Weekly Political Roundup

  • FlagsThe much-debated Employment Non-Discrimination Act (ENDA) passed the U.S. House without protections based on gender-identity or expression. Its fate in the Senate is unclear, and President Bush has said he will veto it in any case, so it is unlikely ENDA of any sort will pass before the next administration (and let’s hope it’s a pro-LGBT one). This week’s action is progress of a sort—with many reservations. To me, the best thing the ENDA debate has done is to put the LGBT-activist community through a process of self-examination. It hasn’t been pretty, and there are still many open wounds. It could also be seen as the worst thing ENDA has done. I hope, however, it has given us the wake-up call necessary to pull together and make sure it passes—with gender protections—next time around. Bay Windows has a blow-by-blow of the action; Queerty has a good summary of the aftermath; Marti Abernathy’s piece at Bilerico is also worth a read.
  • The Gay and Lesbian Victory Fund reports that of the record 71 candidates endorsed by the group this year, at least 31 won their races on Tuesday, while 10 were elected earlier in the year. At least three more advanced to runoff elections.
  • A new ABC poll shows that 55 percent of Americans favor allowing same-sex couples to form legal civil unions (up from 45 percent in 2006) with the same rights as married couples in health insurance, inheritance, and pension coverage. Democrats were the most in favor, at 66%, but even about a third of those identifying as conservative were supportive.
  • The “Whoops” award of the week goes to Mitt Romney’s campaign, for accidentally running an ad for the anti-LGBT candidate on Gay.com.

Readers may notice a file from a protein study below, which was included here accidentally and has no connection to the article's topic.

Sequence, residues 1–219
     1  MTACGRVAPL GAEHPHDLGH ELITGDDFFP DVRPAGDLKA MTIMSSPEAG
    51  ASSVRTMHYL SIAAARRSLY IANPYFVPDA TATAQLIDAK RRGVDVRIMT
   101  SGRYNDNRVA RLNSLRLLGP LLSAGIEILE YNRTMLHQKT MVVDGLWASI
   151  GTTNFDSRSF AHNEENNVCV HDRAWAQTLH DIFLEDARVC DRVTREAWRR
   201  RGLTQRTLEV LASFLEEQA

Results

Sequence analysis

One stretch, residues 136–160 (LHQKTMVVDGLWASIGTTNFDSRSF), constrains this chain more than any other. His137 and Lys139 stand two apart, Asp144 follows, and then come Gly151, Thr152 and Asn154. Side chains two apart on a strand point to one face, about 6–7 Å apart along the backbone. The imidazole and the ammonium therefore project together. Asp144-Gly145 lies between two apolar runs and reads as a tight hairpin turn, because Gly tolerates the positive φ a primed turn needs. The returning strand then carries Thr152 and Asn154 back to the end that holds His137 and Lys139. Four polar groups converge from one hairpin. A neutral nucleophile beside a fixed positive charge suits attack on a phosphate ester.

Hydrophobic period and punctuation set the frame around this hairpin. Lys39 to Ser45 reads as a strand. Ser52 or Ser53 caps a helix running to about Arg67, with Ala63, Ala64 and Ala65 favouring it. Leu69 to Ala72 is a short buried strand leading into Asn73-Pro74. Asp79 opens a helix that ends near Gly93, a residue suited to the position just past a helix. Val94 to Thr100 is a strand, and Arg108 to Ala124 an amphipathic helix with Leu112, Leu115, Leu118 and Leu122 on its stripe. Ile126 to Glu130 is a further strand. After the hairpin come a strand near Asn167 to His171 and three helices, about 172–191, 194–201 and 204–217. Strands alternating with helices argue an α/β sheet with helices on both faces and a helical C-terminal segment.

• The Los Angeles Police Department reinstituted a ban on discrimination based on sexual orientation, and agreed “to improve training for officers on gay and lesbian issues, change questions on background checks and develop an outreach program to various organizations to recruit new officers.” (Thanks, Gay and Lesbian SmartBrief.)
  • The Los Angeles City Council has called for a repeal of the military’s “Don’t Ask, Don’t Tell” policy, making it the ninth major city to do so.
  • Brian Bates became Georgia’s first openly gay, Republican elected official. Michelle Bruce, the state’s only openly transgender politician, is in a runoff to keep her seat.
  • MassEquality, the coalition that led the fight for marriage equality in Massachusetts, said it will to expand its mission and help bring equal marriage rights to other states as well as work with local LGBT organizations to pass additional LGBT legislation within the Bay State. Some, however, question the Board’s vote to disband MassEquality’s coalition governance.
  • The Michigan Supreme Court heard oral arguments in a case to decide whether a state constitutional amendment that defines marriage as between one man and one woman prevents public employers from offering health care benefits to same-sex domestic partners of employees.